Alter Ego: Masquerade, Parody & Self-representation – the feminist movement argued that identity is not something we are born with but is formed through social conventions and taboos. Simone de Beauvoir famously wrote “one is not born, but rather becomes a woman” (The Second Sex, 1949). Many artists of the 1970s used performance to deconstruct representations that form stereotypes. Martha Wilson’s series Portfolio of Models, 1974, showed female stereotypes that have been created by society such as the housewife, the Goddess, and the Lesbian. Eleanor Antin produced a self-portrait called Portrait of the King, 1972, which saw herself dressed up as a King from history, discovering the nature of cross dressing. Cindy Sherman used role-play and masquerade in her series Untitled (Bus Riders I), 1976, to engage with and question gender identity. She dresses up as a series of male and female characters observed from everyday life, whose identities are determined by their visual characteristics, clothing and poise.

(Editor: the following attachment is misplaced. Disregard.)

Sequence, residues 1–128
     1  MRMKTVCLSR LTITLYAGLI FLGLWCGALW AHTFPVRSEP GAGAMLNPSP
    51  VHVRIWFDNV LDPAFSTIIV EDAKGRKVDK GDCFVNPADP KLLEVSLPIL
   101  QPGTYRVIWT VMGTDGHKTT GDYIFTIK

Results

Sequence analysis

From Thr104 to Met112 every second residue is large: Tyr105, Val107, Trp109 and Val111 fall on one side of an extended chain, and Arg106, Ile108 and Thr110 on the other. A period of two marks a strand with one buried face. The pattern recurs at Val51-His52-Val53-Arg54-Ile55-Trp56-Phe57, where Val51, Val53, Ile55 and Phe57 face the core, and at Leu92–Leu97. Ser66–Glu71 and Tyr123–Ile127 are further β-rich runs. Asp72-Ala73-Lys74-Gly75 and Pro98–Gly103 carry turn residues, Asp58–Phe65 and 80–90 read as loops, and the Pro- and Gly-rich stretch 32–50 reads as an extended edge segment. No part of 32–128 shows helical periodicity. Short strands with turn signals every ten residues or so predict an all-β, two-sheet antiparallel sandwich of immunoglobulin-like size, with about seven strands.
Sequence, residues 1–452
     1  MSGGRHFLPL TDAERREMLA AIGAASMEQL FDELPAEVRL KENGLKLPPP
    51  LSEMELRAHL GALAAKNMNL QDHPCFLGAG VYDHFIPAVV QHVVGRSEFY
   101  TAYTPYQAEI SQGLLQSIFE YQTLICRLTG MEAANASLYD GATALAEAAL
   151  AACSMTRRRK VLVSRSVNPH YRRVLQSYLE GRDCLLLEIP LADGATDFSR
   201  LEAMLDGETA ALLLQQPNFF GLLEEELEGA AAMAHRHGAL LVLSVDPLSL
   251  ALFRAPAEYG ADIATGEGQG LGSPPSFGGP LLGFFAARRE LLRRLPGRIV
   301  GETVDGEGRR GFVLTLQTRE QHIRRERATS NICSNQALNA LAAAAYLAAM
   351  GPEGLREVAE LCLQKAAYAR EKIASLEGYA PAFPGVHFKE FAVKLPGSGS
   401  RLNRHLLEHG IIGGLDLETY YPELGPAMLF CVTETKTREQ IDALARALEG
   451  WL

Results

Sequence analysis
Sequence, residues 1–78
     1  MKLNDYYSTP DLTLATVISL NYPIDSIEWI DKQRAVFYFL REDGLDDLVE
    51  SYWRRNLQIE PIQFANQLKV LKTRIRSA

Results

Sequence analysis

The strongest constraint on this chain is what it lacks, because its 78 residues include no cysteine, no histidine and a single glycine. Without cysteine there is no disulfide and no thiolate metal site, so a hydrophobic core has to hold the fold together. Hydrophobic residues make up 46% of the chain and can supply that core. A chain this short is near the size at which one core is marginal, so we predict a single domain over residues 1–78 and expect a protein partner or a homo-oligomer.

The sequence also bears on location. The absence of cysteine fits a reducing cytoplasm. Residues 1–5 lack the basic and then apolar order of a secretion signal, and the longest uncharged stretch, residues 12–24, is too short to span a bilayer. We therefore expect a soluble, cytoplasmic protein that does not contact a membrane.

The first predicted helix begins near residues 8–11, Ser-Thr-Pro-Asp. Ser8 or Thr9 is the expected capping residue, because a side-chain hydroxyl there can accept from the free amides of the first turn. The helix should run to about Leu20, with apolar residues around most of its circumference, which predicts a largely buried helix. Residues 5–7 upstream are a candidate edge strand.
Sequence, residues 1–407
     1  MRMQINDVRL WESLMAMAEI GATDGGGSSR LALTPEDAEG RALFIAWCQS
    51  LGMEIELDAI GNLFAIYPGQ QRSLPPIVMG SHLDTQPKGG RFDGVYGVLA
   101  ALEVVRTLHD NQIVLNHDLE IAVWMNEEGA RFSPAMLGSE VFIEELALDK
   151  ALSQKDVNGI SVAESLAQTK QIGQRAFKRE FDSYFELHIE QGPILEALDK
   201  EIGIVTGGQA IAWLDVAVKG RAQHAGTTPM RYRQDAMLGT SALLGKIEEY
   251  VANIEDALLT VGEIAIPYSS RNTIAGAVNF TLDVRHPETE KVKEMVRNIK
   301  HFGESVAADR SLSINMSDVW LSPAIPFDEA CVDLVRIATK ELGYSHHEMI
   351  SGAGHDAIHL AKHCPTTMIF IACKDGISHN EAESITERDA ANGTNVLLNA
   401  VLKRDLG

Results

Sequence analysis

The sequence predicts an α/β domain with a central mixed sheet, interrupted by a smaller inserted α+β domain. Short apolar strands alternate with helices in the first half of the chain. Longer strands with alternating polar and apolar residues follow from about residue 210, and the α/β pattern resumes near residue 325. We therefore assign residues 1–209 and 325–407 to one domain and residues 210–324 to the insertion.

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The Seductive Body: Sexuality and Objectification – one of the main goals of the feminist movement was the sexual liberation of women. They tried to highlight the continuing oppression of female sexuality and the sexual objectification of women. Valie Exports image from Aktionshose Genitalpanik (Action Pants – Genital Panic), 1969, challenged the dominance of the male by dressing a female in the same way, using props like a gun to pass the power to females. With her crotch less trousers, she defends her female body with the gun, demonstrating the symbol of power to be a prosthetic and its possession to be a product of role play.

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  • The Photographers Gallery. 2016. Feminist Avant-Garde of the 1970s. Catalogue of an exhibition at The Photographers Gallery. 7th Oct 2016 – 29th Jan 2017. London: The Photographers Gallery